Firming my resolve, I wiped from my face what I could of the filth and water droplets (tears or perspiration, I could not tell). I took a deep breath and finally exited the alley, bound for some district of the city populated by wealthier patrons. Upon regaining my bearings, I was surprised to find that my blind flight had led me all the way to the Seine. The Île de la Cité and its great cathedral rose before me.
A moment more of thought and I decided to cross the river and make my way toward the Panthéon. Surely the civilians there would possess more on their person than those on my usual route in Montmartre.
Only ten more minutes of walking and I was there. I took in the sight before me. I was not the only one seeking a profit that day - at least ten beggars already dotted the steps of the Panthéon, and many more could be seen navigating the crowds of bourgeoisie. I felt a stab of pity in my gut as I observed them. Most of the passerby did not dare spare them even a glance, and those that did held disdain, not compassion, in their eyes. The beggars seemed to be having little success that day.
But I was not there to beg. I considered myself too clever for such an occupation. Besides, my methods were far more profitable.
I leaned casually on a lamppost, searching the crowd for a potential target. I soon found him - a young man, well dressed, maybe a little over twenty years of age, hurrying briskly down the street in the direction of the Seine. A student from the quartier latin, I guessed. Wealthy enough, but surely not damageable by a small financial loss. I silently snaked into the multitude to follow.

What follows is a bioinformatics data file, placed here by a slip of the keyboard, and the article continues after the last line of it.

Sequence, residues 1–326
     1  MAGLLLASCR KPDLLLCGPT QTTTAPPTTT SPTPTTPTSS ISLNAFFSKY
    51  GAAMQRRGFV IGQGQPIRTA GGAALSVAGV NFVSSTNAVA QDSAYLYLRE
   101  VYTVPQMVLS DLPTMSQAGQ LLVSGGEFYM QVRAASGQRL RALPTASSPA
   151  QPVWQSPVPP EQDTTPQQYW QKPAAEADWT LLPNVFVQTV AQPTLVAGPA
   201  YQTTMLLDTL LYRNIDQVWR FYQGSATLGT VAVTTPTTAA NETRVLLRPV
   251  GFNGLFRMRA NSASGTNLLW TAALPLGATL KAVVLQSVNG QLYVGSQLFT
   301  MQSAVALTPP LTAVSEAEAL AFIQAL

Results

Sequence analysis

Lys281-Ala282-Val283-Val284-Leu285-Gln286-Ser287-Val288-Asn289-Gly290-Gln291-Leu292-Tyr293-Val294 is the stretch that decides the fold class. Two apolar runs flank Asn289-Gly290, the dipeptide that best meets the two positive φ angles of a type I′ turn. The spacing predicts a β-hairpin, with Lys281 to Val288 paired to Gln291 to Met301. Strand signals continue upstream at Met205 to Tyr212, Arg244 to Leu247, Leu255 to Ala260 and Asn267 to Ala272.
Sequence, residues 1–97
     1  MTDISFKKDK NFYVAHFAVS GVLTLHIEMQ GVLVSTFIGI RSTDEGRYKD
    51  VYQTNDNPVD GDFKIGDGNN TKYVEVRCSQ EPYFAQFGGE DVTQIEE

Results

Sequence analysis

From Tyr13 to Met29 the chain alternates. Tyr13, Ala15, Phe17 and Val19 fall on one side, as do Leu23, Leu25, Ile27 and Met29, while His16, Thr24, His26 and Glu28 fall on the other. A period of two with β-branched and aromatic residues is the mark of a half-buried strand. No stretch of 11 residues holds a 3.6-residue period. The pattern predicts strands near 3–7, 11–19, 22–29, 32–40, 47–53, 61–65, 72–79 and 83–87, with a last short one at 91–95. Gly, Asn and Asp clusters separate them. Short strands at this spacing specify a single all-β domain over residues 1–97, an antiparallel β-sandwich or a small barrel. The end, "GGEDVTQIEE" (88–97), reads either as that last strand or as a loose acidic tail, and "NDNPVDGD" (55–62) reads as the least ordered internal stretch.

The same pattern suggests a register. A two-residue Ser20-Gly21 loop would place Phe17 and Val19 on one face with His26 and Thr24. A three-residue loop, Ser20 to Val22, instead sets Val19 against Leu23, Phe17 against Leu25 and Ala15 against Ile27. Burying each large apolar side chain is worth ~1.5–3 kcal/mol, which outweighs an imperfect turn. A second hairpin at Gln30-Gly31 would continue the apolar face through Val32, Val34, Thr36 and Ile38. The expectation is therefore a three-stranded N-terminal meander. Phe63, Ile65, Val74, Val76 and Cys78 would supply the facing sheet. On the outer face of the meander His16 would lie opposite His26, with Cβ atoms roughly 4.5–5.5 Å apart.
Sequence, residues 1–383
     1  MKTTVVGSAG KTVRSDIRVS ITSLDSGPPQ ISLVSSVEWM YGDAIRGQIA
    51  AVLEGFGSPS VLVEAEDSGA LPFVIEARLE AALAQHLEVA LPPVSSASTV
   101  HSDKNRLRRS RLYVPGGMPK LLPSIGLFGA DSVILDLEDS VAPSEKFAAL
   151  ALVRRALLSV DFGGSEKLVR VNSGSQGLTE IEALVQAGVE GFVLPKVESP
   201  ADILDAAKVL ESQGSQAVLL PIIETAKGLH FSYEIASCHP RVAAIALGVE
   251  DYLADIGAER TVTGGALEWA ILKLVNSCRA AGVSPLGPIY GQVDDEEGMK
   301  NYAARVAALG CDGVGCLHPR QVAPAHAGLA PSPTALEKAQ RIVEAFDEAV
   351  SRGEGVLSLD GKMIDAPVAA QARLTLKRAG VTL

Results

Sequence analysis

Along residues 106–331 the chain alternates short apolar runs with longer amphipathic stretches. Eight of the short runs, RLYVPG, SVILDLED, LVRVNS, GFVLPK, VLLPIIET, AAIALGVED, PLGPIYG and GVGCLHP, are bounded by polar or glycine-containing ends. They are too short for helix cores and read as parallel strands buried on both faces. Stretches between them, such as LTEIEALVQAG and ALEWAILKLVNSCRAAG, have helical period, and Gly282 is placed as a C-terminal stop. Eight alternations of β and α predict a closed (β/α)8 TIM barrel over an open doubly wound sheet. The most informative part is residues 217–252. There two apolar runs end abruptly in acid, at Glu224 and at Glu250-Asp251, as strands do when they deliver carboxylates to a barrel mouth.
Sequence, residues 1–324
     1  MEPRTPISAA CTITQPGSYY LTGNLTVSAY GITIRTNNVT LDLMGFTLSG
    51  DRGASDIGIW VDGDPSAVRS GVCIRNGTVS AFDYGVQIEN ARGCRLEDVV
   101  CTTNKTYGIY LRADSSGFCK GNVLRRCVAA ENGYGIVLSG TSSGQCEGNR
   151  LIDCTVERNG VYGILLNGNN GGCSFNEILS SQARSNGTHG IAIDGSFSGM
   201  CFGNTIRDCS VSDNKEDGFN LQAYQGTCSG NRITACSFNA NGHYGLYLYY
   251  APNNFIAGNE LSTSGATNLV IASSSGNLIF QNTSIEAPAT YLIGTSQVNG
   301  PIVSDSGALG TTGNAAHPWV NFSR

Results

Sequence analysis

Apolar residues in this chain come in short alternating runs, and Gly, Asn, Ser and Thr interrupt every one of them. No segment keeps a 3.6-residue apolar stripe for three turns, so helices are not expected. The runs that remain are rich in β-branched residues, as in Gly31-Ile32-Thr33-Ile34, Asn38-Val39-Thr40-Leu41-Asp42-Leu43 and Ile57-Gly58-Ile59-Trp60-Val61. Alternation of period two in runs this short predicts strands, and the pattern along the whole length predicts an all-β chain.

I had abstained from thievery for at least a few months preceding that day, so I was delighted to find that my skill was not rusted. Within a minute, I exited the horde with my prize, a leather wallet, and began to peruse its contents. I ignored the guilt pulling at my heart and instead inwardly rejoiced as I counted the man's francs - more than enough to return home! Five, ten, fifteen, twenty- then I saw it.
Tucked away in a back compartment, carefully preserved, was a small lock of hair, dark and soft to the touch. It was tied lovingly with a small pink ribbon. I finally began to acknowledge the pull at my heart. Money was replaceable, but this - this was a keepsake. To whom did it belong? A sister? A child? A lover? For a man to care enough for his partner to carry a piece of her with him...
My heart swelled. With a sigh and a shake of my head, the francs were replaced and I was back in the crowd, pushing my way to the man I had robbed of his wallet only a minute earlier. I ran as quickly as the masses would allow, trying to keep him in my sight. When I was within hearing range I called out to him.
"Monsieur! Excusez-moi, Monsieur!"
I reached him before he heard me. I touched his back but quickly retracted my hand when he turned to meet my eyes. He, like most other bourgeoisie, likely would not stand to be touched by someone of my class.